Breda Smyth, Sabina Higgins, John Behan RHA and President Michael D Higgins
An exhibition of bronze sculptures by John Behan RHA was opened by President Michael D Higgins and Sabina Higgins Saturday last.
This exhibition of bronzes is a reflection on the sculptor’s output over the last 50 years and in his 81st year, it reflects on the themes of displacement of people and emigration that have concerned John throughout his life as a sculptor.
The exhibition will continue until June 14 Wednesday to Saturday 11am to 4pm. John Behan is a painter and sculptor and a figure of great significance in Irish art and firmly established as a sculptor of international stature.
John has been working on Refugee and Migrant themes for many years, the significant bronze “Arrival” the Famine Ship stands seven metres tall outside the UN headquarters in New York. John’s immediate concerns are about the relationships between the Irish Famine of 1845-1852 and the parallel crisis of Syria and north Africa of today.
John travelled to Greece to volunteer with Project Elea in the Eleonas refugee camp in Athens. Subsequently delivering an art workshop with teenage refugees.
The exhibition will include John’s iconic bronzes of the bull as a phenomena in Irish society and recent bronzes made in response to his visit to the Refugee Camp in Greece and Famine ships and oar boats which have their origin in the ‘Broighter Boat of Derry (1896)’. The ships and boats symbolizing the journey of life which we all share.
Mr Behan said: “This present exhibition is a reflection and summary of my recent output as a sculptor. The exhibition reflects on the themes that have concerned me throughout my life as a sculptor, that is, my interest in the bull as a phenomena in society along with famine ships and oar boats. The oar boats having their origin in the ‘roighter Boat of Derry’ The ships and boats symbolize the journey of life which we all share. I hope that my artistic concerns communicate with the public and with art lovers everywhere”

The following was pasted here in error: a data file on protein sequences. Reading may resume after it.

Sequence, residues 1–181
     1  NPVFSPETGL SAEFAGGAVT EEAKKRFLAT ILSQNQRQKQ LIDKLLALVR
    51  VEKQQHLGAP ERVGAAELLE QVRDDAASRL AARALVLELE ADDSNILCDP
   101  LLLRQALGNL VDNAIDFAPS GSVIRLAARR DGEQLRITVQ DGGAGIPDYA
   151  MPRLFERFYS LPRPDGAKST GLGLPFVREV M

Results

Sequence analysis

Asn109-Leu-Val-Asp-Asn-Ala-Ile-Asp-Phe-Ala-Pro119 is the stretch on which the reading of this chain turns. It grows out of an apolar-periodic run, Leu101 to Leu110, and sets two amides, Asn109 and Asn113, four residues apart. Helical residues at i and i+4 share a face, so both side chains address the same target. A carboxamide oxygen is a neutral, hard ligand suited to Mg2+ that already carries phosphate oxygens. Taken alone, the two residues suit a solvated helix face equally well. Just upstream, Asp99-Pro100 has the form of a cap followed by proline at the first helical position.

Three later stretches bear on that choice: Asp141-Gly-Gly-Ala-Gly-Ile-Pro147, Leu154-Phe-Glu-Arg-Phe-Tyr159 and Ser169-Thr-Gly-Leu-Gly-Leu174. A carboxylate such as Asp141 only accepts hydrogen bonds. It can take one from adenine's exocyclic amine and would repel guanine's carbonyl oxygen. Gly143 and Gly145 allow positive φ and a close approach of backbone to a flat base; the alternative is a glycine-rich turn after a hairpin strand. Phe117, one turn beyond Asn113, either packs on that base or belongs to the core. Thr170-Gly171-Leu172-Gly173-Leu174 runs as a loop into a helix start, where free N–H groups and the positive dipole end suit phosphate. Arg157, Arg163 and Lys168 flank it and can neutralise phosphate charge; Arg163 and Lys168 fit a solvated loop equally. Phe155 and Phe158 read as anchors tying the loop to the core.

John Behan’s works are in public collections across Ireland which include the Hugh Lane Gallery, the National Gallery of Ireland, the Arts Council, the Crawford Art Gallery and Trinity College Dublin and are represented in many private collections including that of Mary McAleese, Mary Robinson, Queen Beatrix of the Netherlands and Bill and Hillary Clinton and in the private collections of writers Tom Kilroy, Tom Murphy, Seamus Heaney, Edna O’Brien, Gerry Dawe, and Brian Friel.
Images of all the bronze sculptures and further information about the exhibition can be found at: www.kilcockartgallery.ie